JOB: Arts of Africa and the African Diaspora – Tenure-Track @ Wellesley College

The Art Department at Wellesley College seeks candidates for a full-time tenure-track position in the Arts of Africa and the African Diaspora at the rank of Assistant Professor.  Candidates should have a strong commitment to undergraduate teaching and a demonstrated record of scholarly excellence. The position demands an interest in teaching at all levels of the curriculum, as well as active participation in the department’s team-taught introductory course. The teaching load is four courses per year. Collegiality and service on both departmental and college-wide committees, and a strong connection to the Africana Studies Department, is expected. Candidates should have received the Ph.D. by July 1, 2013.

Wellesley is a women’s college and one of the leading undergraduate liberal arts colleges in the United States.  The Art Department includes majors in Art History, Architecture, Studio Arts, Media Arts and Sciences, is closely allied with Cinema and Media Studies, and it enjoys exchange programs with MIT, Brandeis University, and the Olin College of Engineering.

Wellesley College is an EO/AA educational institution and employer.  The College is committed to increasing the diversity of the college community and the curriculum.  Candidates who believe they will contribute to that goal are encouraged to apply.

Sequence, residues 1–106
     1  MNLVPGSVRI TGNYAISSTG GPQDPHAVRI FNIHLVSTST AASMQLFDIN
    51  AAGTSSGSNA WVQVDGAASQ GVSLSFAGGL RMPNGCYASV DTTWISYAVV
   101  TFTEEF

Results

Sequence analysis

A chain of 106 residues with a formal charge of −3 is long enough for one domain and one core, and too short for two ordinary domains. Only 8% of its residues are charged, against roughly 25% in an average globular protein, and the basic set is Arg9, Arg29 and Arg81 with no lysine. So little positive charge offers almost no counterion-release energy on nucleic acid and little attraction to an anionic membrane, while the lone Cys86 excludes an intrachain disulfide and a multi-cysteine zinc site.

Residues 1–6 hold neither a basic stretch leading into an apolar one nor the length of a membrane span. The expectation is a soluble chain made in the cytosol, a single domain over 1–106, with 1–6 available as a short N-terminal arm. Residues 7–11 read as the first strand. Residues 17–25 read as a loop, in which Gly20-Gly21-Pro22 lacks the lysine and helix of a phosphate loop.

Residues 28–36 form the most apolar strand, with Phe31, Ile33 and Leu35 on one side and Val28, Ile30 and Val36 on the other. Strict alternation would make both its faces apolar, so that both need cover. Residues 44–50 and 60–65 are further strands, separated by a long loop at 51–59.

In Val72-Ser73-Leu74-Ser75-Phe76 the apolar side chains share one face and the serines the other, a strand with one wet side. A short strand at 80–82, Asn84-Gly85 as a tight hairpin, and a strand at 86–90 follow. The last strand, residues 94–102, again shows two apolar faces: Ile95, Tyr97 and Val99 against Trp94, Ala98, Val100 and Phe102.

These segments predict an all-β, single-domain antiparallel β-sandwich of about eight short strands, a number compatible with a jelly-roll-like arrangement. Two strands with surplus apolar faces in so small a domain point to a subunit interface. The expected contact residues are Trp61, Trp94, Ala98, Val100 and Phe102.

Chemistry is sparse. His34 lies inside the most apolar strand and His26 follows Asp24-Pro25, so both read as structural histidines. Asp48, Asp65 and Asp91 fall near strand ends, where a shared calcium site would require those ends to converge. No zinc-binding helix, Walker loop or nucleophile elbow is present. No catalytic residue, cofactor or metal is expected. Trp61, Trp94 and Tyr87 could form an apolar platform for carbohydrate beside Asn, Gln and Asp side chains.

Applicants should send, electronically, a letter of application that describes their teaching and research interests, a CV, and a pdf of a publication or writing sample to: https://career.wellesley.edu. We ask for three letters of recommendation (The online application will request names/email address so that recommenders or dossier services may submit the letters directly.)  The application must be received by December 14, 2012. If circumstances do not allow you to submit materials through our on-line application system, please email us at working@wellesley.edu.

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Author: Camara Dia Holloway

I am an art historian specializing in early twentieth century American art with particular focus on the history of photography, race and representation, and transatlantic modernist networks. I earned my PhD at Yale University in the History of Art Department. Besides my leadership role as the Founding Co-Director of the Association for Critical Race Art History (ACRAH), I am recognized for my expertise on African American Art, particularly African American Photography, and as a seasoned consultant for exhibitions, museum collections, and symposia/lectures planning.

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